Her first job was with Primary Care Psychology Associates. “[As a staff psychologist], I led weekly seminars for their interns and practicum students,” she said. Her career highs include presenting at the International Association of Chiefs of Police Conference in 2015 on the topic of identifying differences between law enforcement candidates with and without military experience. “I was able to present this data at the same conference that President Barack Obama attended and spoke at,” she stated. “Researchers in the police psychology field who viewed my presentation in 2015 nominated me for the Early Career Police Psychologist Award and Scholarship, which I won and received at the following conference in 2016.” Hendrickson was asked to participate in Experience in Care & Health Outcomes (ECHO) Behavioral Health Training Series, which was developed by University of Chicago to educate physicians and medical staff in Chicago and the suburbs on how to meet the behavioral health needs of their patients.”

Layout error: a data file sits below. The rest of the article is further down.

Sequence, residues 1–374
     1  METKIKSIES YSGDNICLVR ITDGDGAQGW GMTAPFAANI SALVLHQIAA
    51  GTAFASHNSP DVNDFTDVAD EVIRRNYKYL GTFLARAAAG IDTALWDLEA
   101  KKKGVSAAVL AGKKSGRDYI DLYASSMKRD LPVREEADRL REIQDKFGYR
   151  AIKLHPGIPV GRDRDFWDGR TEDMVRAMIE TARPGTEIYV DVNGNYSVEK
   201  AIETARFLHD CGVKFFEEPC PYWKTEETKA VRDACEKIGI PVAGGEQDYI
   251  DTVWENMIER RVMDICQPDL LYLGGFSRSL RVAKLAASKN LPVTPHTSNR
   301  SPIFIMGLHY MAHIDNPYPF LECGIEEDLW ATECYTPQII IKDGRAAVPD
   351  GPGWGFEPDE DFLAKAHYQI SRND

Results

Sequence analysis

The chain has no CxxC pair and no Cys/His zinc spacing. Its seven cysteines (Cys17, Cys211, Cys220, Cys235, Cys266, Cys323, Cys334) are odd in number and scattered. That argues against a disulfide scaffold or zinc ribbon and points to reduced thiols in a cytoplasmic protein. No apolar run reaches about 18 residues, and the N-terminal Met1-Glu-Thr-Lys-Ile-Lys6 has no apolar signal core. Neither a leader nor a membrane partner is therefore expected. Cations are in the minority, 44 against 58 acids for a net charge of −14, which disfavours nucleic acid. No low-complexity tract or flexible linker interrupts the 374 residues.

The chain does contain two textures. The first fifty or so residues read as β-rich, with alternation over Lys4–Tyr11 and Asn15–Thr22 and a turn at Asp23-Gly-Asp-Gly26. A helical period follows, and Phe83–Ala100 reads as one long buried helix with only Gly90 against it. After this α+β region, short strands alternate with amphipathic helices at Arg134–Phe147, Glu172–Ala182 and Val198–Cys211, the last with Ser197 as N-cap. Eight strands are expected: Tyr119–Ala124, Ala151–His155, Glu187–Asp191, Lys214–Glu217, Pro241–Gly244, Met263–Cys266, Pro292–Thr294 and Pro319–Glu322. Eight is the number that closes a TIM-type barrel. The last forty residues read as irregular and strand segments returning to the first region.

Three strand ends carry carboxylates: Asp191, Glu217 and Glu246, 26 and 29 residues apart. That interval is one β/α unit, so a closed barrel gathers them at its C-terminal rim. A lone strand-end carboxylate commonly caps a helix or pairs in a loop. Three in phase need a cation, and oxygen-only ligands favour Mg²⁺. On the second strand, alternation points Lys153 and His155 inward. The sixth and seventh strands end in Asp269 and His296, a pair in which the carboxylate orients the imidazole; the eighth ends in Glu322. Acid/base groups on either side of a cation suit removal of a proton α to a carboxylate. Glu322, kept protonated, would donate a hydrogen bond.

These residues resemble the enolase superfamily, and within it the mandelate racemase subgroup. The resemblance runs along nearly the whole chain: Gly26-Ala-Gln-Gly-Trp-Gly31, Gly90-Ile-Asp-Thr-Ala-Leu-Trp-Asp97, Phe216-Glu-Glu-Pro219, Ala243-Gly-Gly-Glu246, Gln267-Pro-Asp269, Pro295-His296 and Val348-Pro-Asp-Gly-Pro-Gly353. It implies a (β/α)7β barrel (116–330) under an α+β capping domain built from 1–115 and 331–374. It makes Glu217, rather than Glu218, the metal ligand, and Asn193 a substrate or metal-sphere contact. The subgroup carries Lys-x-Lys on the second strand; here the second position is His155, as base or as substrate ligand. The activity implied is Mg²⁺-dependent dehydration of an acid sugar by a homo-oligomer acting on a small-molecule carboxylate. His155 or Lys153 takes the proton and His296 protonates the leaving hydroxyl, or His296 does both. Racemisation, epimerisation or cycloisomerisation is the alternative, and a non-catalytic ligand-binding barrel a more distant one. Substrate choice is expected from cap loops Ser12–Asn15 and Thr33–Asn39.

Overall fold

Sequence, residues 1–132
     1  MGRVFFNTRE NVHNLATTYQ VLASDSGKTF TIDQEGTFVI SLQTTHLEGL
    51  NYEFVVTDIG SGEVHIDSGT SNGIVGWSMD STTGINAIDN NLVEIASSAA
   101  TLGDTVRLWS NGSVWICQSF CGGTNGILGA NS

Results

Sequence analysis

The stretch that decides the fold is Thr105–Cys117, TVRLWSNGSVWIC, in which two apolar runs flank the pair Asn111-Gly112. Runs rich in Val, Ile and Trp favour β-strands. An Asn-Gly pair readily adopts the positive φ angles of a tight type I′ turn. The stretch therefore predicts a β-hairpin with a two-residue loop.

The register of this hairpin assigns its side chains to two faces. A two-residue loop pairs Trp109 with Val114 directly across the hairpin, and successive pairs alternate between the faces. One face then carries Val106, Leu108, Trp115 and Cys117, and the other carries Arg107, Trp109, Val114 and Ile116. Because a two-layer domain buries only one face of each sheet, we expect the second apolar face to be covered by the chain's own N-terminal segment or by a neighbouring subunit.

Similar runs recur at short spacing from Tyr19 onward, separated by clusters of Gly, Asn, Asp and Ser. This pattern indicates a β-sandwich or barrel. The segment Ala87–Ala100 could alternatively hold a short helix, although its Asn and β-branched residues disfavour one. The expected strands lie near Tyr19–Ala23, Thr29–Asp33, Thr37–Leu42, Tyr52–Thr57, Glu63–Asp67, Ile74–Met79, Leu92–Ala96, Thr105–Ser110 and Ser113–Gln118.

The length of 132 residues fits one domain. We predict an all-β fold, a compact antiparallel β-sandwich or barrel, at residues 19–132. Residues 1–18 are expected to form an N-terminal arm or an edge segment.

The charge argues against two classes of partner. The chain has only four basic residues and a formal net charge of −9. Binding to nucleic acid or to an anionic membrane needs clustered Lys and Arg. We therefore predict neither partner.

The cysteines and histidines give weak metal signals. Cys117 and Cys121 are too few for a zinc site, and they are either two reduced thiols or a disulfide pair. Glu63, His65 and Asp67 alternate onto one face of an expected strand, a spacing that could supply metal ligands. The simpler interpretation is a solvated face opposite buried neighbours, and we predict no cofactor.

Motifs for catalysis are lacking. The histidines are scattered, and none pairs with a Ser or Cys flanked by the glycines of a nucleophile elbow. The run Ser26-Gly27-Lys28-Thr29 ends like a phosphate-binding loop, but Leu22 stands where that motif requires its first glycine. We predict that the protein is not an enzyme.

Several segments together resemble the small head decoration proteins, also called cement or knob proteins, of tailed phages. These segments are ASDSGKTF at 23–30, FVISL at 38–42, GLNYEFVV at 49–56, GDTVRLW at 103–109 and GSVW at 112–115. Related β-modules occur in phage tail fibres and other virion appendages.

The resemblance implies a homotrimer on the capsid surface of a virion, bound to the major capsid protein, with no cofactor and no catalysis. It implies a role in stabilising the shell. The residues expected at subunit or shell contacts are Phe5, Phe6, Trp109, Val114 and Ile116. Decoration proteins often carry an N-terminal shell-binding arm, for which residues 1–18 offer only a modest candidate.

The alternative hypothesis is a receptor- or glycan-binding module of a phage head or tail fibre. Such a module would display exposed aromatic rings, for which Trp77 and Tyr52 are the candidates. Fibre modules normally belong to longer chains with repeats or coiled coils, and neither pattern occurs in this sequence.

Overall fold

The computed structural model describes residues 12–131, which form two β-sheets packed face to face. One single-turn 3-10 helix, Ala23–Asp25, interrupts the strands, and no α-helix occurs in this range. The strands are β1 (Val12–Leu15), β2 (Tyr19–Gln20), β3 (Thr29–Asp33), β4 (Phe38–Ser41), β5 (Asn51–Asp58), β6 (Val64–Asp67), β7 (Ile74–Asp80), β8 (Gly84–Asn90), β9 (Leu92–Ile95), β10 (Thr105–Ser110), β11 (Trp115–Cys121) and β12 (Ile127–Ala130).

Hendrickson recommended that current students diversify their training, be open to traveling to far away training sites, customize every cover letter, and don’t be afraid to apply to sites that they think they may not be accepted to. “I didn't have any Veterans’ Affairs experience prior to my internship, but was able to get an American Psychological Association-accredited VA training site for internship,” she added. “I attribute this to the time I spent tailoring each cover letter to the specific site, explaining why I was a good fit and why I had experience that matched their training program goals. This was confirmed for me by my training staff once I began internship when they told me my specific cover letter and interview is what had them rank me highly despite my lack of VA experience.”